Commercial landlords should embrace pop-up stores if they are to weather changing shopping habits and prevent valuable spaces from lying vacant, a real estate agent says.
Pop-up stores – the temporary conversion of an empty space into anything from a commercial outlet to an art gallery – have surged in popularity in recent years, and have become a permanent part of the retail landscape in major shopping centres in the US and Europe.
They have yet to cement themselves fully in the New Zealand market, but key players in the retail market have acknowledged their move into the mainstream.
Retailers and landlords who previously ignored or dismissed them as marketing events or as cheap discount stores, or perhaps because they lacked the know-how to try them, are now seeing their worth as an opportunity to reach out to new customers.
Bayleys national commercial director John Church said the rise of pop-ups was partly due to the fact that they provide a “neat solution to a persistent problem: empty shops”.
“The temporary nature of pop-ups means the risk is low for all parties involved.
“Retailers can take a gamble on a new location or new product, and dare to be creative – pop-ups are equivalent of taking a car out of a test drive – while landlords can fill their spaces more quickly, and expand their client base.”
Through the power of the pop-up, previously underutilised sites could be “transformed into vibrant commercial hubs”, Church said.
“Using pop-ups can help entrepreneurs stay nimble and lean – they do not need to sign long leases, stash away much cash or carry big credit lines.
“For their part, consumers can meet the designers and touch and feel their works, which cannot be done online,” he said.
“In the process, brands can be built more quickly, sales can be increased and new products can be tested.”
For commercial landlords who had long relied on the attractiveness of their conveniently-placed retail spaces, pop-ups were something to “fall back on” when more shoppers preferred to make their purchases from their couches, Church said.
Greg Harford, of Retail NZ, said pop-ups would become an increasing phenomenon in New Zealand because they were not only popular with consumers, but they were an opportunity for retailers.
“Retail is constantly reinventing itself – new stores are coming in and old businesses are closing down.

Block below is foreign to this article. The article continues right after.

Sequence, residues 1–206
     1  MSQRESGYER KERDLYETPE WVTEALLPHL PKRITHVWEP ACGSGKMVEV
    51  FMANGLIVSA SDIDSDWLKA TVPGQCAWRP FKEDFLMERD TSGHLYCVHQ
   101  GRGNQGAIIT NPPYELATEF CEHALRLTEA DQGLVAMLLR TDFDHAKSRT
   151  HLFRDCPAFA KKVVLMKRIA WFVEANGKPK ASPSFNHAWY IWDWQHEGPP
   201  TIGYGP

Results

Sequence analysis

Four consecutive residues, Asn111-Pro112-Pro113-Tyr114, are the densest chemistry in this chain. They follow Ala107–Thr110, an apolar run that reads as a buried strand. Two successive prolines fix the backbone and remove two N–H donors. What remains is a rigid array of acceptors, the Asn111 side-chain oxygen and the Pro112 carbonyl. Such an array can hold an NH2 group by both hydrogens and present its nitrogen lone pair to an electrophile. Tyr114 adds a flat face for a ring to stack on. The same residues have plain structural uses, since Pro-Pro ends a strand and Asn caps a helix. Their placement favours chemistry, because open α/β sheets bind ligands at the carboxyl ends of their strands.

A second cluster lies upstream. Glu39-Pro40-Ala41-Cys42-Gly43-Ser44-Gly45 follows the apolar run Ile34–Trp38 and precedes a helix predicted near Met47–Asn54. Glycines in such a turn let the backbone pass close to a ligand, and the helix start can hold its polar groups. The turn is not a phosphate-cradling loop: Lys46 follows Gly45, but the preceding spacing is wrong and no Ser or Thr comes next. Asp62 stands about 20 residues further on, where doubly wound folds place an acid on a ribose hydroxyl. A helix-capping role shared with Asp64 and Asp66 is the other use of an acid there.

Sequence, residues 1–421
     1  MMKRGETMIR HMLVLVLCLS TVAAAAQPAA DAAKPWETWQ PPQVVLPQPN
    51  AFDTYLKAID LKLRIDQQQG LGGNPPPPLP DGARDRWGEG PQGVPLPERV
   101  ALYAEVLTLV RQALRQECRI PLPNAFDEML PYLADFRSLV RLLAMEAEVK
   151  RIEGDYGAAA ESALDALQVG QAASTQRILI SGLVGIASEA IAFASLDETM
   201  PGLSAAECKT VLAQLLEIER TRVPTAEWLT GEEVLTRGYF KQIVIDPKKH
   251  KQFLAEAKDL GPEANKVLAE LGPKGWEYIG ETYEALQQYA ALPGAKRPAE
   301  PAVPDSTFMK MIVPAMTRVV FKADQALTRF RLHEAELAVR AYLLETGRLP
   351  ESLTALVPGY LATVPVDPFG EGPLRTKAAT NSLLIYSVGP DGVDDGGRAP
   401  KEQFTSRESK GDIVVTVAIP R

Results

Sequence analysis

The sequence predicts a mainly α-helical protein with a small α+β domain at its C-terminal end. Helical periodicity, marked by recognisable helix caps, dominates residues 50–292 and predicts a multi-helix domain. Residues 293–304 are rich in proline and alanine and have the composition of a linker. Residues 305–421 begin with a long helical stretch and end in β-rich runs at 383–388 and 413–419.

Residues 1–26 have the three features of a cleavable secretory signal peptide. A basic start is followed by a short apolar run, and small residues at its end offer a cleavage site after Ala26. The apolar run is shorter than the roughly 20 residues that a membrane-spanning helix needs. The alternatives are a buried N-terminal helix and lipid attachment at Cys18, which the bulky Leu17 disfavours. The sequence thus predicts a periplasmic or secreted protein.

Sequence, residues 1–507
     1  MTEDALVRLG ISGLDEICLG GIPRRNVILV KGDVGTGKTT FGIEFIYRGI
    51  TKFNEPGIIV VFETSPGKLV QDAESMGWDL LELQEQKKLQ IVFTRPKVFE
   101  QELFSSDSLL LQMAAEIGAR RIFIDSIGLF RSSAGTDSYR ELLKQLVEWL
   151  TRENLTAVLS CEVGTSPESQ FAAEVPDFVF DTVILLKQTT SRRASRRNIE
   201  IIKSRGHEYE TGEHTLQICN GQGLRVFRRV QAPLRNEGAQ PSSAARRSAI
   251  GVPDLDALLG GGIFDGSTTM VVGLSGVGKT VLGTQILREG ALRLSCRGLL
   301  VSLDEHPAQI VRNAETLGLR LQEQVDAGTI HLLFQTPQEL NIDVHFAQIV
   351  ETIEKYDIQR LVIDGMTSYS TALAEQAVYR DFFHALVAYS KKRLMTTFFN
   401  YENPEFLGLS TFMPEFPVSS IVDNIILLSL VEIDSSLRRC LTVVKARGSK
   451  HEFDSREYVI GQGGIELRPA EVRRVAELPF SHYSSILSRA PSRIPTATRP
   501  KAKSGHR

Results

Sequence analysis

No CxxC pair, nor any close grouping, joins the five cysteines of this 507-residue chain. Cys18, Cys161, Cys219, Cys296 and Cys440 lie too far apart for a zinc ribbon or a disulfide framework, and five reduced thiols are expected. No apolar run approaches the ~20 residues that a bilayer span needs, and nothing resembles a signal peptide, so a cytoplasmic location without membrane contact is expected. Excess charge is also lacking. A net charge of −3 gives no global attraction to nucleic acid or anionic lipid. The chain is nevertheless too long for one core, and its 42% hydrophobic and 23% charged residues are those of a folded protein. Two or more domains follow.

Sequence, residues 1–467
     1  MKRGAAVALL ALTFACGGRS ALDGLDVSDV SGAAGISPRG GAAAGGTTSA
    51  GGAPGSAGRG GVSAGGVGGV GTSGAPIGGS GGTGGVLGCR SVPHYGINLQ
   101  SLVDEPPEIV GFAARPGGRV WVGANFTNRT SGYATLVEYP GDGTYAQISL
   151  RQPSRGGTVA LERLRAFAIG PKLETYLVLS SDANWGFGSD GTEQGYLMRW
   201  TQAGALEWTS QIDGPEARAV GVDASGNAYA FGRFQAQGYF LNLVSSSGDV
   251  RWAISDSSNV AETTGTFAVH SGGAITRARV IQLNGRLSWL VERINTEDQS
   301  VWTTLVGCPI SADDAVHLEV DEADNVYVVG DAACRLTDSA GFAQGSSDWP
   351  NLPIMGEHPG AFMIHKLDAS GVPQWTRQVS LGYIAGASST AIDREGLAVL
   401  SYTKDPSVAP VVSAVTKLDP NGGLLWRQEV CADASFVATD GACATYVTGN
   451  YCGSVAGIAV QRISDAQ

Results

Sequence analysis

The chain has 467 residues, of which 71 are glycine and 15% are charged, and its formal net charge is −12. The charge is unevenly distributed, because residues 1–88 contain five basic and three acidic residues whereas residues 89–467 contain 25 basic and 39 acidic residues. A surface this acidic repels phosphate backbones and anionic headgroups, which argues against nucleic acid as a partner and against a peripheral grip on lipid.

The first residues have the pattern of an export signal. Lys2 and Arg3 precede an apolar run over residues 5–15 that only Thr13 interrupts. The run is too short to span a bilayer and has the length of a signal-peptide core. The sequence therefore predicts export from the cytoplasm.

“Pop-ups are part of the mix even though they represent a relatively small slice of the retail pie,” he said.
“Commercial landlords are always going to prefer a high-end retailer on a lengthy lease but pop-ups are an opportunity for them to fill the gap between permanent tenants.”
In Christchurch, a pop-up mall was a colourful beacon of hope for a city trying to find a way through the pain of the devastating earthquake of February 22, 2011.
Pop UP Now founder Lizzi Hines, said for many people not in the real estate business, the notion that landlords could leave empty retail space for years was “mind-boggling”.
Landlords and leasing agents in New Zealand had yet to fully realise the benefits pop-ups, she said.
“We’re definitely trying to educate landlords and agents on how important it is to activate a space,” she said.
“A lot of retailers, particularly if they are first time-retailers, don’t know what a space is going to look like unless they see someone in there first,” Hines said.
“Seeing an active space can be an incentive to signing a long-term lease.”
For landlords, it made them “a bit of coin” in the meantime, she said.
“You’ve got to get all parties to buy into idea and we have had situations where we have found a great site but we can’t get the landlord on board.
“They’re argument is, ‘I don’t want to fill my space with a three-month pop-up, because that potentially could stop me from getting someone to sign a six-year lease,’ Hines said.
“But landlords are starting to become more open to it because they’re starting to see more examples of it.”
How a pop-up pops up
What’s the key to successful pop-up? It’s got to look good, it’s got to feel good and it’s got to be a really good retail experience, Hines says.
“You don’t want something that’s just been thrown together with excess furniture from someone’s house, but equally you don’t want something that is hard to take apart – you need to be able to pop it up somewhere else.”
A pop-up could happen quite quickly, she said.
“We did a pop-up for a large juice manufacturer that wanted to test a new product but didn’t want anybody to know the brand behind it.
“It took, from start to finish, about six weeks – that included design, conception, installation, drawings, everything.
“And then we did a pop-up for Molenberg, which wanted to get people excited about bread – that took about three months because there were quite a lot of major stakeholders involved.”
In both instances, the retail space on offer was much bigger than they wanted, so they negotiated with the landlord to take the front 30 metres and put up a wall behind it.
“Because we were activating the space, we convinced the landlord to only pay for the 30 metres we used.”
A pop-up could be an intensive and stressful experience for a retailer or landlord – especially if it was their first time, Hines said.
“The longer you take to erect a pop up, the more money you’re wasting.
“You’re literally playing with their money and you’re playing with their time, so you’ve got to make sure they feel confident that you can deliver on programme and on budget.”
They treated the landlord as if they were signing on as a long-term tenant, she said.
“We show them what the concept is going to be and what we are going to do to the space.”
Originally from stuff co.nz